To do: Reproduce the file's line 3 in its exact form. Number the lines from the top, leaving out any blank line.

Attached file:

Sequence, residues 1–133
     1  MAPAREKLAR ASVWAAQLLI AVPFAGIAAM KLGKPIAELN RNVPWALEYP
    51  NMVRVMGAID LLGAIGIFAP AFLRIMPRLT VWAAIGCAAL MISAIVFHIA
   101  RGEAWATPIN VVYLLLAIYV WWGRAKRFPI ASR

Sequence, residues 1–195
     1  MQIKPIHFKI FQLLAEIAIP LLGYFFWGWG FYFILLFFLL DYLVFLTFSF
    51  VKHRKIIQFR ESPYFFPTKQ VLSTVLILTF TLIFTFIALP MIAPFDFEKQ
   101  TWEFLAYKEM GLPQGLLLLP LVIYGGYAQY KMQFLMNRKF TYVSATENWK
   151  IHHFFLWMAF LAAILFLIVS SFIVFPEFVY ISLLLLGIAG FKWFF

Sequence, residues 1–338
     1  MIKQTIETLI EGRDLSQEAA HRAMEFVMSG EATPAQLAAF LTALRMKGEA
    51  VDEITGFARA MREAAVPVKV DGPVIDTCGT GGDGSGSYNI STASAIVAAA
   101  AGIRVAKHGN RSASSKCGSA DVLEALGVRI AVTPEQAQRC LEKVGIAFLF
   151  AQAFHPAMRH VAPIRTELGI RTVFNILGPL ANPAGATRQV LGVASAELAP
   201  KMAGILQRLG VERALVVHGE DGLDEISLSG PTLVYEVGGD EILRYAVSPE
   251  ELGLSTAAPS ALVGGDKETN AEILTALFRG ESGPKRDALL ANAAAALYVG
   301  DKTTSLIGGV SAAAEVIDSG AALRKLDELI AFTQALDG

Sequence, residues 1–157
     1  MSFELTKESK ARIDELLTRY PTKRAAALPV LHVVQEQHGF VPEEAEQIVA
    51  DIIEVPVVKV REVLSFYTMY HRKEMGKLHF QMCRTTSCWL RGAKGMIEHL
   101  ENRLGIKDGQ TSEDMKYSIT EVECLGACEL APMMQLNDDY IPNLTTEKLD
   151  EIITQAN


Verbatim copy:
    51  NMVRVMGAID LLGAIGIFAP AFLRIMPRLT VWAAIGCAAL MISAIVFHIA